In the 4 months since I accepted my current position, the store I manage has made a 180 degree turn, Jan and I are closer than ever, my kids are learning how to be self-sufficient, and I am finding things out about myself that I could not have learned in any other context.

figure-playing-basketballThe first day of the new year is a great time for introspection and reflection, and looking back I am so proud of the way Jan and I have embraced this new road we are on.  I am thinking this morning of the lessons that I learned along the way.



  1. Don’t lose focus on your goals, regardless of your circumstances or your geography
  2. The most important asset in any ones life is the quality of the relationships we make along the way
  3. We are capable of more than we think we are if we focus our efforts on our strengths and passions, and are willing to do the work and invest the time
  4. A person is never too old or too stuck to reinvent themselves into the person that they know that they can be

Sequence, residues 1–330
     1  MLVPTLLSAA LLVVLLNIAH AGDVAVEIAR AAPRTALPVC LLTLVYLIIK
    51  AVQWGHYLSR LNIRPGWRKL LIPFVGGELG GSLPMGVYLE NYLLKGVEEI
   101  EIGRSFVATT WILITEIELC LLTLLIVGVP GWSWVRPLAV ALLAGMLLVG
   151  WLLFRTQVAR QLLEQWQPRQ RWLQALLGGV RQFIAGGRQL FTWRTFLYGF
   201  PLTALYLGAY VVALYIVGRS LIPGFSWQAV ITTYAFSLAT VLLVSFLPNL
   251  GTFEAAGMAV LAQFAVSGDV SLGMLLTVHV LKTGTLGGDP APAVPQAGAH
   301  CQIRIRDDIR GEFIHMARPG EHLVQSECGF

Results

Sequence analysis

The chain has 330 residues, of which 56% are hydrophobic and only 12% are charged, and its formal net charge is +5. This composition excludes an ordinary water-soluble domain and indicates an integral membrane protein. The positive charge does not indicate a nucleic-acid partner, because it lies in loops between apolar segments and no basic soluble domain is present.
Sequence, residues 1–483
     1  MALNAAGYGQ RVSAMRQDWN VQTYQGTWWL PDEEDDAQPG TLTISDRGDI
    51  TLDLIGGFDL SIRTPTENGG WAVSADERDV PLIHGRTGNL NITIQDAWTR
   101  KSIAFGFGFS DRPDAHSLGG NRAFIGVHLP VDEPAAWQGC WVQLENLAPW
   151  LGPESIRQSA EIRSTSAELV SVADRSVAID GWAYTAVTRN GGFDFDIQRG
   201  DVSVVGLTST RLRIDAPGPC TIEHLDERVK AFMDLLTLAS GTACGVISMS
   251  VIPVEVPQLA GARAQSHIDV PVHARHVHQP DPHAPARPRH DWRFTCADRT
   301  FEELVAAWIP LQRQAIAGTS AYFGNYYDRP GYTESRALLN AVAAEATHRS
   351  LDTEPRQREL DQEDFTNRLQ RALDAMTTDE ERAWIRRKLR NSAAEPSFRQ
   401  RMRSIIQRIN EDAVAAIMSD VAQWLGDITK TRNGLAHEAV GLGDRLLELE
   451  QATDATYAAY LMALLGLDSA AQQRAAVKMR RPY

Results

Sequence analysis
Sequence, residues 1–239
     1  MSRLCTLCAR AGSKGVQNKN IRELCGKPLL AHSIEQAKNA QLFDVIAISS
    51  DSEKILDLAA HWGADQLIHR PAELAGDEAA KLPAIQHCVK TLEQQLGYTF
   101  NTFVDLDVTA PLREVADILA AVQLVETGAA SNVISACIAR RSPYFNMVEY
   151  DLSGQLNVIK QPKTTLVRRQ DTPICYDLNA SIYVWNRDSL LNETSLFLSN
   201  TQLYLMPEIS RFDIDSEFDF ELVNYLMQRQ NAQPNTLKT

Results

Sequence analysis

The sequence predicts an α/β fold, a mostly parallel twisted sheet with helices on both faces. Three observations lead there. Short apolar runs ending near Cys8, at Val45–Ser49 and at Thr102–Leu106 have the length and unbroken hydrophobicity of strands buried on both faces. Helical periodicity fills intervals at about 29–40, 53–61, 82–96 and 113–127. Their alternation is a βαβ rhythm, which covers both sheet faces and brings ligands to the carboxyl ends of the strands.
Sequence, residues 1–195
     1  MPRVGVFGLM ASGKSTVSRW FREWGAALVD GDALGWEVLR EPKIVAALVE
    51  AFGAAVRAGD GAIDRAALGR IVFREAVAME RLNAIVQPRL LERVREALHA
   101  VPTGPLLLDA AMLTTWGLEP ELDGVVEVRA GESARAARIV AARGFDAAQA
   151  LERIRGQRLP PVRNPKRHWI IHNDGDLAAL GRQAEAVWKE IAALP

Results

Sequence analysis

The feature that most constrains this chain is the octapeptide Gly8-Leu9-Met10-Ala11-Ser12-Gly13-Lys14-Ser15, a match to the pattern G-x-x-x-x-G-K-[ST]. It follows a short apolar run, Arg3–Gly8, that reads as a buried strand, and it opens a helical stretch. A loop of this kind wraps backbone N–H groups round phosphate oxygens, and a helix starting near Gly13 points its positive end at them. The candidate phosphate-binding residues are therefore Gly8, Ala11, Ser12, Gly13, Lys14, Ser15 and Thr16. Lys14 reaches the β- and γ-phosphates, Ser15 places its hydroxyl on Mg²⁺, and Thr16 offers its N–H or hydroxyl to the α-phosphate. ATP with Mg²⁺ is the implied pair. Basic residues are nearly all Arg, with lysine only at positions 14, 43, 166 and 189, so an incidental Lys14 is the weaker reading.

5. Making a mistake is never fatal, staying in those circumstances becasue it’s easier than risking another mistake is the reason most people are dissatisfied with their lives


  • Big Wave Davesimpson-seadoo
  • David Simpson
  • Trainer-Mentor-Coach
  • (469) 939-0410 Mobile
  • bigwavedave@oictraining.com


It is so cliche to try to compare sports to business, but in the case of sales there are a lot of parallels.

I am sitting here watching the Cubs play the Cardinals, and the Cubs are shredding the Cardinals pitching.  It is the top of the 2nd, and it is 7-0.  The Cubs are hitting all the way through the lineup, and that got me thinking about how baseball players, especially in the National League where the pitchers are in the lineup and get an at-bat, baseball players are professional hitters, just like a salesperson is a professional seller.